Monday, March 27, 2023
HomePediatrics: Genetics and Metabolic DiseaseGenetics of Rubinstein-Taybi Syndrome

Genetics of Rubinstein-Taybi Syndrome

Practice Essentials

Consistent features of Rubinstein-Taybi syndrome (RSTS) include intellectual disability, broad great toes, broad thumbs, and maxillary abnormality. Other features include characteristic facies, ie, high, arched eyebrows; beaked nose with short columella; abnormal palpebral fissure slant for race; and micrognathia. The syndrome was first described by Rubenstein and Taybi, in 1963.

Most cases arise from sporadic, fresh mutations (1% recurrence risk) in the cAMP response element-binding protein (CREB)–binding protein (CBP) gene or from EP300 mutations.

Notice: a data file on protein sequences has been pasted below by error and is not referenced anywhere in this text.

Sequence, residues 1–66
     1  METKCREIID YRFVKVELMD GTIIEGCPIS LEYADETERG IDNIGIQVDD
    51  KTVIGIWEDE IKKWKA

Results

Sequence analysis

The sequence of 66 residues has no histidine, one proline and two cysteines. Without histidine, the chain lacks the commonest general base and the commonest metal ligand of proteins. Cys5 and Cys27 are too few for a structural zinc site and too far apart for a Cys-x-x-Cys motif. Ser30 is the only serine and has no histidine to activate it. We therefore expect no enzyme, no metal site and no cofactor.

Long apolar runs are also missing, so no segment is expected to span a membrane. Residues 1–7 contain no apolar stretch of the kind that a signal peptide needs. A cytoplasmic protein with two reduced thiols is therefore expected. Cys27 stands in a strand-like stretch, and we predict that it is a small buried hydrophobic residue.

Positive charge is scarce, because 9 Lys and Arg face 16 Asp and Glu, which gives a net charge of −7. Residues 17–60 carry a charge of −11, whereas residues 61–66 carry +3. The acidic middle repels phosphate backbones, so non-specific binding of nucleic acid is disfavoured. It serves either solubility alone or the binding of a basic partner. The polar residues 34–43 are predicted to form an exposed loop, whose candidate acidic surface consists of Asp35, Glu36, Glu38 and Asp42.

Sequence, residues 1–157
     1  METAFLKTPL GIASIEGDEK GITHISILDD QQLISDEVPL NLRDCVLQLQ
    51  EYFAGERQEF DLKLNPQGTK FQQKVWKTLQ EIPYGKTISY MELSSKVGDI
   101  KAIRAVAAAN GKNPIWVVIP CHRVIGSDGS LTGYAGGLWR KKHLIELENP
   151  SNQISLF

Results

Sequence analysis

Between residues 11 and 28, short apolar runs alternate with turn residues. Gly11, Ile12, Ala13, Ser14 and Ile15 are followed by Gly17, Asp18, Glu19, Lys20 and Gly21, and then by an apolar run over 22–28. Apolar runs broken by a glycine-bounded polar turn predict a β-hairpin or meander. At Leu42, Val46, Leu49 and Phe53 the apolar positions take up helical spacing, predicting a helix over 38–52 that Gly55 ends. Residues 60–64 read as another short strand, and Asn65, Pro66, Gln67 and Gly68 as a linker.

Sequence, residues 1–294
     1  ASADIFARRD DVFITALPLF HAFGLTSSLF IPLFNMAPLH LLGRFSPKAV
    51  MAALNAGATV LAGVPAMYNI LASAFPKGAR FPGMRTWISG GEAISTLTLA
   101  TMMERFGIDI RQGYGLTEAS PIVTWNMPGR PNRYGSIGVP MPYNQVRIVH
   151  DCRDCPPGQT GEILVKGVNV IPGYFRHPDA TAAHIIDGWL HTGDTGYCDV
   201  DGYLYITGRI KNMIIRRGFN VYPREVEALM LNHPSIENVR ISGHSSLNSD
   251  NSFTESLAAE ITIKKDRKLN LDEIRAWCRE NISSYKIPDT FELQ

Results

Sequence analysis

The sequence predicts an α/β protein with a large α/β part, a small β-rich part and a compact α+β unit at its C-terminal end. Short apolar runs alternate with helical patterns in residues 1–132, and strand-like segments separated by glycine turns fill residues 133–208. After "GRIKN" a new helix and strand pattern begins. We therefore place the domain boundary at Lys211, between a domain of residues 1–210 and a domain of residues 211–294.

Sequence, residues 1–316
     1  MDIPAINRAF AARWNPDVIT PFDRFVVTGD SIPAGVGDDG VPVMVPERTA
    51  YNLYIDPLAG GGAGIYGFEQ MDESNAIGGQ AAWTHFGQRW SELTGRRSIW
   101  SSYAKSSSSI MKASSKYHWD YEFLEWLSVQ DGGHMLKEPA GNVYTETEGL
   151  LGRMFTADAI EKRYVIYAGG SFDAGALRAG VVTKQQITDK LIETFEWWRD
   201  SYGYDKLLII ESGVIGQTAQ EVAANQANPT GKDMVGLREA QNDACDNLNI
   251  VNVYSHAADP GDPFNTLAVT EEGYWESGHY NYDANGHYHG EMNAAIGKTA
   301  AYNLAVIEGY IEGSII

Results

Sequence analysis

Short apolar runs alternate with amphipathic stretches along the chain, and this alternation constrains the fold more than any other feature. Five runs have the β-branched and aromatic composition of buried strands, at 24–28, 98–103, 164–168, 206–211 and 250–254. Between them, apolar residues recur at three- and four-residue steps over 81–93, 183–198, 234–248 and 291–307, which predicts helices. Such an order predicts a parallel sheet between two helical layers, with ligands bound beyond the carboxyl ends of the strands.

Patients with RSTS are susceptible to frequent infections (pulmonary and otitis media), have a high anesthesia risk, demonstrate an ineffective response to vaccines (polysaccharide), and have dental abnormalities.

Primary care involves management of the following:


Dental abnormalities (crowding, abscesses)



Obstructive sleep apnea

Intellectual disability

Screening echocardiogram should be performed if murmur or cyanosis is present. Tumor surveillance (central nervous system neoplasms and rhabdomyosarcoma) is important as well. 

Medications to avoid in RSTS include the following:

Muscle relaxants 


Strong warning about out-of-hospital anesthesia

- Advertisment -

Most Popular